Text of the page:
Petition Closed

Sustainable thinking and sustainable business practices have come a long way in the past 20 years. But there's still a ton of room for improvement. Sustainability should be a core part of all business school programs.

Some leading European professors and students have triggered a strong push for wider and deeper incorporation of sustainability into business schools in Europe. And one of the three leading business school associations in the world, Europe's">EFMD, is pushing business school deans and executives to bring this into their programs more.

But, for a much larger impact, the other two leading business school associations, the Association to Advance Collegiate Schools of Business (AACSB) and the Association of MBAs, could do the same. Ask these associations to follow EFMD's lead by signing the petition below today.


Letter to
AACSB President and CEO John J. Fernandes
Association of MBAs President Sir Paul Judge
Association of MBAs Chief Executive Sharon Bamford
and 2 others
AACSB Chair Andrew J. Policano
AACSB Vice Chair Jan R. Williams
Business schools need to incorporate a full range of sustainability initiatives into their curricula. They need to go beyond adding it in superficially. Will you help them to do so?

By focusing on the symptoms of unsustainable acitivity (e.g.: CO2 , resource depletion, job loss, pollution, etc) the cause (waste creation) is being ignored.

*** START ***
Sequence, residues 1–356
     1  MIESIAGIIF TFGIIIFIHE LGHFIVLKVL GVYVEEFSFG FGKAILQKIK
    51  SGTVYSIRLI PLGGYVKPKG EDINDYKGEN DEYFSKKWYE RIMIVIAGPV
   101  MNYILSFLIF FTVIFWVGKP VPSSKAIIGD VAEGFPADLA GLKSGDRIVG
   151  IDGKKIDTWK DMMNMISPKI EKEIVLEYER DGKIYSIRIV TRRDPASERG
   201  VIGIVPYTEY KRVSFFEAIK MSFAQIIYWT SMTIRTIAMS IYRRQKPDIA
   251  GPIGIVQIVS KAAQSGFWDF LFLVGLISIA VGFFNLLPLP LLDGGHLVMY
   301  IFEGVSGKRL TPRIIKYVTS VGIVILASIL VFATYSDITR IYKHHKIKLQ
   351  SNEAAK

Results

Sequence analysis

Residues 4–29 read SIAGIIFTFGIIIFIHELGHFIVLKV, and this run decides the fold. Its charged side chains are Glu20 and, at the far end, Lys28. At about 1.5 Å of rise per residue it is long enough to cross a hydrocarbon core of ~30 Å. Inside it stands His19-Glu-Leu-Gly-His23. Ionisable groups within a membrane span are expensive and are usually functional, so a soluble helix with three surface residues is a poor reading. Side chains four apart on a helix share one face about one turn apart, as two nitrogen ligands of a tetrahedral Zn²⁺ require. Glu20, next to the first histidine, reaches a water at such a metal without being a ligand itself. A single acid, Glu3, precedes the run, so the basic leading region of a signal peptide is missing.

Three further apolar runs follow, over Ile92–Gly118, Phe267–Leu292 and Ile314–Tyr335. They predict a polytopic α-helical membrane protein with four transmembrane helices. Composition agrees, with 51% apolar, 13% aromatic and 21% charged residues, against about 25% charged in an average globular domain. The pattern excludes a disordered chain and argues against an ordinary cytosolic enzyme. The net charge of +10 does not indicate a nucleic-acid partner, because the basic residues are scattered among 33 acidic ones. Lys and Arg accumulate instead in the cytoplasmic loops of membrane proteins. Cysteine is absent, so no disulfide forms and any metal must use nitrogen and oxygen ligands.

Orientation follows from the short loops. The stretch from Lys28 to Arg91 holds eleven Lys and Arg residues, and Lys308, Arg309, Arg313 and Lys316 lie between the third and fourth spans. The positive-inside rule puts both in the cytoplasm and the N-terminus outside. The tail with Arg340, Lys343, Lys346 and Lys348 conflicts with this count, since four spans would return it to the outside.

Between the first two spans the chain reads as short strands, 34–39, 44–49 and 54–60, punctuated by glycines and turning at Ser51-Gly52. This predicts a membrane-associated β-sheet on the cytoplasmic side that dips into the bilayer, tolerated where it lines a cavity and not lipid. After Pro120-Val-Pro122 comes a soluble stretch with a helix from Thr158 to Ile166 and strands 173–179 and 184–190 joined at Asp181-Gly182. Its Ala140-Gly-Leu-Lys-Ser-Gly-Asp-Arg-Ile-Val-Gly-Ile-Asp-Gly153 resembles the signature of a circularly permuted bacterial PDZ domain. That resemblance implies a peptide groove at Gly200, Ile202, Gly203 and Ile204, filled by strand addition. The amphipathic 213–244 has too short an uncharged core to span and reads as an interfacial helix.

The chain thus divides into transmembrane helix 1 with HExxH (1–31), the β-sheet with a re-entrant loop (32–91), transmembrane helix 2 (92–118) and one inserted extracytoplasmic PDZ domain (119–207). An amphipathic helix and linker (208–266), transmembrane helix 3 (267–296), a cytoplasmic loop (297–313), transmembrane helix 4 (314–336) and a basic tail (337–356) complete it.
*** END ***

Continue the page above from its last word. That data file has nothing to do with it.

You represent the most influential business school accreditation associations in the world and each of you has a tremendous impact on business school standards.

Organizations such as the EFMD have been pushing business school deans and executives to incorporate more in-depth sustainability into their curricula with the help of leading sustainability pioneers, including Walter R. Stahel and Jonathan T. Scott.

Indeed, a wide assortment of acclaimed, business-related, sustainability materials (mostly free) has been created by these (and numerous other) individuals that demonstrates the importance of sustainability initiatives. Walter Stahel has been helping companies maximize resources and profits for over 30 years and has shown many others how it can be done, but broader sharing of this knowledge could go a long way.

Will you help the business schools under your code of standards move beyond endless talk about carbon emissions? Will you help both large and small businesses facilitate long-term wealth generation, job creation and resource maximization? You can help make true sustainability (i.e. the capacity to continue into the long-term) a core portion of business school curricula.

You can respond to this petition by agreeing to have a conversation with professor Scott and committing to incorporating long-term sustainability language into your code of standards.